Sir Mervyn King, governor (sic) of the Bank of England, says that the UK is in the midst of the world’s worst-ever financial crisis. Popster Rihanna takes the tube to her gig at the O2 in London and a gastropub in Marlow, Buckinghamshire, the Hand and Flowers, wins two Michelin stars. Wayne Rooney Snr (the boy Rooney’s dad) is arrested over a betting scam involving a sending off in a Scottish football game. Swedish poet Tomas Stranstromer wins the Nobel prize for literature. The court of arbitration for sport rules that LaShawn Merrit, the American athlete who has served a two-year drugs ban, cannot be prevented from competing at the Olympic Games, having already served his ban; the British Olympic Association says it will defend its position of banning any dopers from wearing a British vest.

Friday 7 October
No noticeable impact on Wayne Rooney’s demeanour while playing for England following his father’s arrest; he’s sent off again for kicking an opponent. The V&A’s next big show will showcase seven decades of British design from the 1948 London Olympics to the 2012 London Olympics. Some added risk in the Royal Parks as the stags rut and the public occasionally gets a bit too close.

Saturday 8 October
The number of people aged 18 to 24 not in education and without a job in the UK is set to pass one million. It seems that staff at the National Gallery are considering strike action. in the rugby World Cup Wales beat France to reach the semi-finals and England limp out to the joy of almost everyone. The British boxing team wins four medals at the boxing world championships.

Sunday 9 October
The 2012 Cultural Olympiad is to include a project called New Music 20x12, with twenty 12-minute pieces of music of a range of genres. Brazilian businessman Bernardo Paz is working towards his dream: the ultimate destination for lovers of contemporary art, an artistic equivalent of Disneyland, if you will. In New Zealand the England rugby team, now freed from the concerns of competition, go out on the lash again, leaving Tuilagi floating in the harbour. In Tokyo Andy Murray wins his second tournament in as many weeks, throwing the doubles title in as well in the company of his brother. Wigan RFC appoint Shaun Wane as coach. Paul ‘Sir Macca’ McCartney gets married again.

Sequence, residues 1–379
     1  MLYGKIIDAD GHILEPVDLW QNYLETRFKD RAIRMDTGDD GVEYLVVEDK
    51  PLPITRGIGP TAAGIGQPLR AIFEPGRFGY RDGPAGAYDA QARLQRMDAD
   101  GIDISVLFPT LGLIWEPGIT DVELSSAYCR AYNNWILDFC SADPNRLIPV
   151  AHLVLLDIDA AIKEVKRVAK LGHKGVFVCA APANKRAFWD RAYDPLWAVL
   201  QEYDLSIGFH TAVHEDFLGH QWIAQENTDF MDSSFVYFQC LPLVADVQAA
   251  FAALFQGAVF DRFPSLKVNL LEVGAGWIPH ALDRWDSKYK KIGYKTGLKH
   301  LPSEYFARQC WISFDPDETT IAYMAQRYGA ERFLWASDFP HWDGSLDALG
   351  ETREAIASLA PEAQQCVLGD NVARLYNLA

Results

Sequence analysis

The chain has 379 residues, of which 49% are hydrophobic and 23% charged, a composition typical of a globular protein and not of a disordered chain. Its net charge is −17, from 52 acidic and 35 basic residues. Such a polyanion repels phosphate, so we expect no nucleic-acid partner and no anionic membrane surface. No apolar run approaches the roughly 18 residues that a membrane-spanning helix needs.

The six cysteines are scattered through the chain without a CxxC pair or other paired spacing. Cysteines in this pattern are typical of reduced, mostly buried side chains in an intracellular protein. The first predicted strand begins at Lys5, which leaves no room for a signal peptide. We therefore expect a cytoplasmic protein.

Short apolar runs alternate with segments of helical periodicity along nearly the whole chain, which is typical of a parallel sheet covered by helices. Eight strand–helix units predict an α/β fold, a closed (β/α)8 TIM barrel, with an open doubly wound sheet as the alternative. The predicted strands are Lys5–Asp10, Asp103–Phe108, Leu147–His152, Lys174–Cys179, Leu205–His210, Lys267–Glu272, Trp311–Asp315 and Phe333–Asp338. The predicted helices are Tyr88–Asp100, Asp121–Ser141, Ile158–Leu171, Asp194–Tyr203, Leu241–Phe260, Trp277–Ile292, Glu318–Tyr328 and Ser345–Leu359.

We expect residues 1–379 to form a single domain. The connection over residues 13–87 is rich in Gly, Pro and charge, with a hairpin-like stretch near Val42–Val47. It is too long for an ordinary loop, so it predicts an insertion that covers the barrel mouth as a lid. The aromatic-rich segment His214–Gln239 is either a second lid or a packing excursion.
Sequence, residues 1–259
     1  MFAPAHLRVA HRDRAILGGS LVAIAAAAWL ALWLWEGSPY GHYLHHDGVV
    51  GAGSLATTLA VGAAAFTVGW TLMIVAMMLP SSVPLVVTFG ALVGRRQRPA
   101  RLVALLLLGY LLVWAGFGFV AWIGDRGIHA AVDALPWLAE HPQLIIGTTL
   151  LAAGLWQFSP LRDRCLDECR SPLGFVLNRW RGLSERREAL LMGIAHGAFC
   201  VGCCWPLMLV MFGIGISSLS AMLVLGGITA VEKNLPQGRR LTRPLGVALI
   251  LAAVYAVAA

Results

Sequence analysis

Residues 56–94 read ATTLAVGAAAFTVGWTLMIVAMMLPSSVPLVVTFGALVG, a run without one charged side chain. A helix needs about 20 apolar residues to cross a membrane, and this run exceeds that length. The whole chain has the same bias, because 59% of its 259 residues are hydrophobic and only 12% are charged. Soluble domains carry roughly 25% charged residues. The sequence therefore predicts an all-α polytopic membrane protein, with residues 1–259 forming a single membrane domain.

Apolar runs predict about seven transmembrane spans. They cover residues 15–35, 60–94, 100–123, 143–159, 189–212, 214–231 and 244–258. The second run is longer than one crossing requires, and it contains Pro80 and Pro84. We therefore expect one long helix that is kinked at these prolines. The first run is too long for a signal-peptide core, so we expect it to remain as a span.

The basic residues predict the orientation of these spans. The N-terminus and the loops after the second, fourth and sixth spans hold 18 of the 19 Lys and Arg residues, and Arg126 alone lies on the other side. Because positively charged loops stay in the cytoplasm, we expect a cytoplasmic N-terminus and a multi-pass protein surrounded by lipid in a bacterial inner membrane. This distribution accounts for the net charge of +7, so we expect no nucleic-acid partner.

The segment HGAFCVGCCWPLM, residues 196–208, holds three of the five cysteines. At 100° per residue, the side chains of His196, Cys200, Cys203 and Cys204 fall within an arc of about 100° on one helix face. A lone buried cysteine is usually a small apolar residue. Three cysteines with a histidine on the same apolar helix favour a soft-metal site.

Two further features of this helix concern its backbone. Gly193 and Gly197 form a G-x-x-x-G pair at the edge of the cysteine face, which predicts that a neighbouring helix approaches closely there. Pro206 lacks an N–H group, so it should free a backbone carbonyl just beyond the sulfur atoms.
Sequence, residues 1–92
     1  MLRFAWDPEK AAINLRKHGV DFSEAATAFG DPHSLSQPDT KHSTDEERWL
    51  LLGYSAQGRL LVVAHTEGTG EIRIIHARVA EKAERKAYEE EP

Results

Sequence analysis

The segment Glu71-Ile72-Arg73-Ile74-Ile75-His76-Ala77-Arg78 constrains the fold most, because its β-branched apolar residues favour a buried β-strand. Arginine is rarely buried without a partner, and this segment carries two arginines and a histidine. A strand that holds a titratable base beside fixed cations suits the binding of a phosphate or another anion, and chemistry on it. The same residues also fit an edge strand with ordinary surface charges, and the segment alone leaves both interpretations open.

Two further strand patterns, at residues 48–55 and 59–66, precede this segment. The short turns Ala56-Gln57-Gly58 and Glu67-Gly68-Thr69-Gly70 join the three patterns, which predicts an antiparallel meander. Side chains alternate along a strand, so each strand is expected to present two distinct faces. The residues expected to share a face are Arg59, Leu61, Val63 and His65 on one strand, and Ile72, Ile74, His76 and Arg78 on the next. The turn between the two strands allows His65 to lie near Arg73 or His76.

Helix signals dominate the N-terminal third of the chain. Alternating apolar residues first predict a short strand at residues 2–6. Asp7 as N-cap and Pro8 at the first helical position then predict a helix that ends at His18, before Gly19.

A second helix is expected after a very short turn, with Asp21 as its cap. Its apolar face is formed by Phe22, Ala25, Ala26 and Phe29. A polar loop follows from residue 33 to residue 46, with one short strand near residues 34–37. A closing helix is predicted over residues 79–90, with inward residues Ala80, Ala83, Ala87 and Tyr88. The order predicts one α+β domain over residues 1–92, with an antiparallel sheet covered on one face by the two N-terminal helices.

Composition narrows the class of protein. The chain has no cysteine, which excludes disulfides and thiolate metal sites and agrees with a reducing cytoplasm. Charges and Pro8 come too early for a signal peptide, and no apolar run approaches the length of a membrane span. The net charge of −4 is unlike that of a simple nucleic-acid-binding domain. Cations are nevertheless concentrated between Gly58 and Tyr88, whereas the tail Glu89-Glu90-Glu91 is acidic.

Monday 10 October
The Institute for Fiscal Studies reckons that the number of children in poverty will rise by 500,000 to 3 million by 2015. Tate Modern unveils Tacita Dean’s Film, the latest work to fill the Turbine Hall, to general acclaim. The England rugby team arrives at Heathrow and, under a misapprehension that there was a crowd to greet them, left by the back door. The GB women’s gymnastics team qualify for the 2012 Olympics at the world championships in Tokyo; the British men miss out but will have another chance. Meeting in New Zealand, the International Rugby Board agrees to cover the losses of every nation taking part in the next World Cup.

Tuesday 11 October
A British couple wins £101 million on the Eurolottery and don’t even make the top 700 of wealthiest Britons. Meanwhile, it seems HMRC let Goldman Sachs off a £10 million tax bill when the company’s attempt at tax avoidance went wrong; it was a “cock-up” by HMRC, admit HMRC insiders. Islington council is to put on display the defaced library book covers that Joe Orton and Kenneth Halliwell slipped onto the borough’s library shelves in the early 1960s; both served six-month sentences for the rather elegant but provocative collages. All change at the Olympic Park Legacy Company: the Olympic Stadium will now not be sold to West Ham but instead an annual lease arrangement will be effected. Liverpool FC wants to negotiate its own television deals and is prepared to challenge the Premier League so to do. Surprise surprise: Mark Cavendish is unveiled as one of the new members of the British Cycling professional cycling squad; his long-term oppo Bernie Eisel is also added to the roster.

Wednesday 12 October
It seems that the Blackberry system is down and the world shifts slightly on its axis (perhaps ‘access’). A European survey reckons that Britain is among the happiest of nations, with Britons rating their lives seven out of ten; it notes we spend an average of only two minutes a day volunteering. Jarvis is to be an editor-at-large for publishers Faber & Faber. Art Review magazine reckons that Ai Weiwei is the most powerful figure in the art world, a world that gives us the Frieze art fair, a big tent in Hyde Park to which the super-rich come to spend lots of money on art works. A Nepali environmental group says that there should be toilets on Everest. The UK government has tells the FA that it has until February to sort itself out otherwise there will be legislation. Manchester United and Chelsea say they do not want to be part of Liverpool’s television rights revolution.